It is fitting that my 1000th post on the Share Investor Blog is about one of my favourite topics in terms of business, finance and investing.
He has his 2010 Berkshire Hathaway Letter just out a few hours ago and it is essential reading for all investors, especially nutty Buffett fans like me.
Here is a taster to get you interested:
"Don’t let that reality spook you. Throughout my lifetime, politicians and pundits have constantly moaned about terrifying problems facing America. Yet our citizens now live an astonishing six times better than when I was born. The prophets of doom have overlooked the all-important factor that is certain: Human potential is far from exhausted, and the American system for unleashing that potential–a system that has worked wonders for over two centuries despite frequent interruptions for recessions and even a Civil War–remains alive and effective. We are not natively smarter than we were when our country was founded nor do we work harder. But look around you and see a world beyond the dreams of any colonial citizen. Now, as in 1776, 1861, 1932 and 1941, America’s best days lie ahead."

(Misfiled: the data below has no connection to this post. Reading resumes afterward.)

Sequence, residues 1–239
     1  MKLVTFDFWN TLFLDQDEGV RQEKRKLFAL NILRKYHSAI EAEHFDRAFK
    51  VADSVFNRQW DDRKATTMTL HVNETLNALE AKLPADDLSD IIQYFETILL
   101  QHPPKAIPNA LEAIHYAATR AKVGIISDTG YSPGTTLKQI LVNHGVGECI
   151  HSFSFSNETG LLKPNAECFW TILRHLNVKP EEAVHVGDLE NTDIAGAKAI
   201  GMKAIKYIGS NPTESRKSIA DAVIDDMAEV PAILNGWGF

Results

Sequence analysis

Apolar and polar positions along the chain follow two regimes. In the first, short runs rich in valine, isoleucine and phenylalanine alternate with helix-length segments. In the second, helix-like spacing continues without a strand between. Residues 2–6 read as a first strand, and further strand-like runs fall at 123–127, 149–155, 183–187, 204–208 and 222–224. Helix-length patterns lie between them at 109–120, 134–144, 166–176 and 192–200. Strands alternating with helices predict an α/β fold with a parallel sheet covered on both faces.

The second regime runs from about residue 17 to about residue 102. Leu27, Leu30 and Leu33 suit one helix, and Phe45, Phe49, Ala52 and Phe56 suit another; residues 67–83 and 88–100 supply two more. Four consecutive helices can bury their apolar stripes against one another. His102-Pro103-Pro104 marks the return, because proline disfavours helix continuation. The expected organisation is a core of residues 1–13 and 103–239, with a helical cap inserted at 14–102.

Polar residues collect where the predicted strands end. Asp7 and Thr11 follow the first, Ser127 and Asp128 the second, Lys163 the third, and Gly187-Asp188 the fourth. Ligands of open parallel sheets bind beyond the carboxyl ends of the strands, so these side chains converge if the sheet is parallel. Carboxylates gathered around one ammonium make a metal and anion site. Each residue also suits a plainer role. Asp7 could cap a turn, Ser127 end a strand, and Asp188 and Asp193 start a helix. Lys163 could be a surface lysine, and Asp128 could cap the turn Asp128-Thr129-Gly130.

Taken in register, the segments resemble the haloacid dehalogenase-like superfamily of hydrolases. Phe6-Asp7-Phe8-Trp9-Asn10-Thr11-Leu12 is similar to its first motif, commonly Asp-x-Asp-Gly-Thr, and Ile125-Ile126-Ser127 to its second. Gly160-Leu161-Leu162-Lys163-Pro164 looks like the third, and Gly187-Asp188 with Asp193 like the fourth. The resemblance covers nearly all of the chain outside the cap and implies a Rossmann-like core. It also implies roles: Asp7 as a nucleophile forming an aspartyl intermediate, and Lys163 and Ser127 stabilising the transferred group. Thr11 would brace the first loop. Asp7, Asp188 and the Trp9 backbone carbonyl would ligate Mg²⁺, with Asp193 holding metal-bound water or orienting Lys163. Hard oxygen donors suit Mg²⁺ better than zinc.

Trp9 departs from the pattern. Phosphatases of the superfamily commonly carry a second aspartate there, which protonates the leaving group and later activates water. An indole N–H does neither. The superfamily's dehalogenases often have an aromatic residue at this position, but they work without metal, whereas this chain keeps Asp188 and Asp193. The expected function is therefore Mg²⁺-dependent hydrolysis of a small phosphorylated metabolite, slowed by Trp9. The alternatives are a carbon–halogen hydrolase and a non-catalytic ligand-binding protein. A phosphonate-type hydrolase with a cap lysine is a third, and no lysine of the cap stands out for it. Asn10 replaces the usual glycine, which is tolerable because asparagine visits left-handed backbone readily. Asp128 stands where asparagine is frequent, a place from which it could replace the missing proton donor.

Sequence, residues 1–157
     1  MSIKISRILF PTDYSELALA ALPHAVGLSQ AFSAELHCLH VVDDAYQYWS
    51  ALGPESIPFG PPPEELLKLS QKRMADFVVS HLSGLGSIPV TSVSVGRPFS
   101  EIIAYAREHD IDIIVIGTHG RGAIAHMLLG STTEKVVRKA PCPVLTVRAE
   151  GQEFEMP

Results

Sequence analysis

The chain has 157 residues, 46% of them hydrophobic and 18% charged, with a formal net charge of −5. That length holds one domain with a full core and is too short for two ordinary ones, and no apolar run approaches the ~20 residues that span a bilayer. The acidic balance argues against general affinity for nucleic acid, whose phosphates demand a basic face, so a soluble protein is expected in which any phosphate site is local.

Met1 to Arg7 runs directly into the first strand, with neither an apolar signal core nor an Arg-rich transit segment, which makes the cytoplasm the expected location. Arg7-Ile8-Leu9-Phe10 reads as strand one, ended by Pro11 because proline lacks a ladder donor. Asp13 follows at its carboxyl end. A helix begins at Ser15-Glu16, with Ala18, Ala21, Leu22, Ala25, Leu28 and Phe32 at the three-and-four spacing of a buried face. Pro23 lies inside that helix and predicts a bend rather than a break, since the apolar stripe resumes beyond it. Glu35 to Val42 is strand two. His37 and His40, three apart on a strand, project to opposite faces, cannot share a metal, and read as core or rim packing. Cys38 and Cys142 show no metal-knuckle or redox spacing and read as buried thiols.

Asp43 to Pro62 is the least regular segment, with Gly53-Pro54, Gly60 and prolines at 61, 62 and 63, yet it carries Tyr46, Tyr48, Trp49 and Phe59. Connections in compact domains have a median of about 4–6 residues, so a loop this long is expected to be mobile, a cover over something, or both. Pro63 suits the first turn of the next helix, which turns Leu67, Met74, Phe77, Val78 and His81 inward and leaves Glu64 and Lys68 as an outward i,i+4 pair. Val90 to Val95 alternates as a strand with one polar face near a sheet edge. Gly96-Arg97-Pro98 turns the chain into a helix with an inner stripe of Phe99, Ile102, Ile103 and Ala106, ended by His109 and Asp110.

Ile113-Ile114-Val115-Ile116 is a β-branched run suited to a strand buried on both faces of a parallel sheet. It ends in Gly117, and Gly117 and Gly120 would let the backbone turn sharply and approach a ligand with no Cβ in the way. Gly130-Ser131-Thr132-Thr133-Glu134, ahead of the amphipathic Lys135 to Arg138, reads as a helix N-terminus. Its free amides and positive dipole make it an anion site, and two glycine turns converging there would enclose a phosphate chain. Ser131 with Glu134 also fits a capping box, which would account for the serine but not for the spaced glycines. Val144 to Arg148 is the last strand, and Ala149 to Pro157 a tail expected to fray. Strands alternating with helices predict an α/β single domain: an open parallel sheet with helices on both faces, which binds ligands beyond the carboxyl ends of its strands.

Apposite advice from an 80 year old at this time given the recent tragedy in Christchurch and the fact that a company that he is the largest shareholder in, Munich Re, will be underwriting the bulk of the losses from the massive Christchurch Earthquake via reinsurance.
My favourite part of the letter though is about debt and its influence on all of us. It is funny but also very wise.
The last word:
"The fundamental principle of auto racing is that to finish first, you must first finish. That dictum is equally applicable to business and guides our every action at Berkshire.
Unquestionably, some people have become very rich through the use of borrowed money. However, that’s also been a way to get very poor. When leverage works, it magnifies your gains. Your spouse thinks you’re clever, and your neighbors get envious. But leverage is addictive.
Once having profited from its wonders, very few people retreat to more conservative practices. And as we all learned in third grade – and some relearned in 2008 – any series of positive numbers, however impressive the numbers may be, evaporates when multiplied by a single zero. History tells us that leverage all too often produces zeroes, even when it is employed by very smart people."
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c Share Investor 2011